Laptops

Asustek's Android Eee PC Remains in Deep Freeze

The CEO of netbook pioneer Asustek Computer said Tuesday that he still sees no clear market for mini-laptops known as smartbooks, the reason the company isn't moving forward in that product segment.

The company raised hopes it would soon launch an Eee PC smartbook based on chips made by Qualcomm and running Google's Android mobile operating system when such a device was displayed at the Computex Taipei electronics show in June. But the company quickly put the project on the back burner, refusing to discuss it days later at a press event that featured Asustek's chairman alongside executives from microprocessor maker Intel and OS giant Microsoft.

It appears the Android device remains in deep freeze.

"Currently, I still don't see a clear market for smartbooks," said Jerry Shen, CEO of Asustek Computer, during an investors' conference in Taipei.

The company's backing isn't essential for smartbooks, but it would lend weight to the credibility of such devices, which use mobile phone chips and components to offer far greater battery life than existing netbooks, and potentially ubiquitous wireless connectivity. Smartbooks appear almost identical to the netbooks Asustek pioneered, mini-laptops with 8-inch to 10-inch screens.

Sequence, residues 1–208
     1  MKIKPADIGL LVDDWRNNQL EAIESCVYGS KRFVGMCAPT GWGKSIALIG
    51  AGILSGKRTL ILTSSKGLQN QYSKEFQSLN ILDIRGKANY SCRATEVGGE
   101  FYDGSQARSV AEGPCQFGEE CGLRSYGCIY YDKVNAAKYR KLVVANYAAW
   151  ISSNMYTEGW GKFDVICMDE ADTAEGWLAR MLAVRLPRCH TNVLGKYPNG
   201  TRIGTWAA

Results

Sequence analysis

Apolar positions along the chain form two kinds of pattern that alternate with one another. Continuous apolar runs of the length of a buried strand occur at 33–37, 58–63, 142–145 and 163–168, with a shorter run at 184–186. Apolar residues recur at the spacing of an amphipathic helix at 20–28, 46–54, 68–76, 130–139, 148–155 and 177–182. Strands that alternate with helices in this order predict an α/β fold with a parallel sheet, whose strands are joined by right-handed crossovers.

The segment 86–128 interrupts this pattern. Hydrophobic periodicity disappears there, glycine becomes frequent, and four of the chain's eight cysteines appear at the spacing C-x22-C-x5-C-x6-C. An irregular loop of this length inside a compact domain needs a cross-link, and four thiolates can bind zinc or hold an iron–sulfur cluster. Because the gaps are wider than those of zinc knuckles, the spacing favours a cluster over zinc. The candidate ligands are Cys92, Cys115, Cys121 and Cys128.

Asustek executives have said the reason the Android smartbook was shifted to low priority was because the company's engineering resources were limited and would be used elsewhere. But Asustek could use some of the smartbooks made by contract manufacturer Pegatron, the company's subsidiary.

Several smartbooks from Pegatron were on display at Computex. The estimated retail price of the devices was about US$199, compared to between US$300 and US$400 for a comparable netbook.

Asustek has used Intel microprocessors in all of its netbooks so far, and mainly Microsoft Windows XP as the OS, though it has sold netbooks with Linux OSs. The advantage of netbooks is that since they use Intel x86 architecture microprocessors, they can take software used on regular PCs, while smartbooks can only use software designed for or ported to RISC (reduced instruction set computer) processors, made by Arm Holdings. Arm processors are mainly found in mobile phones.

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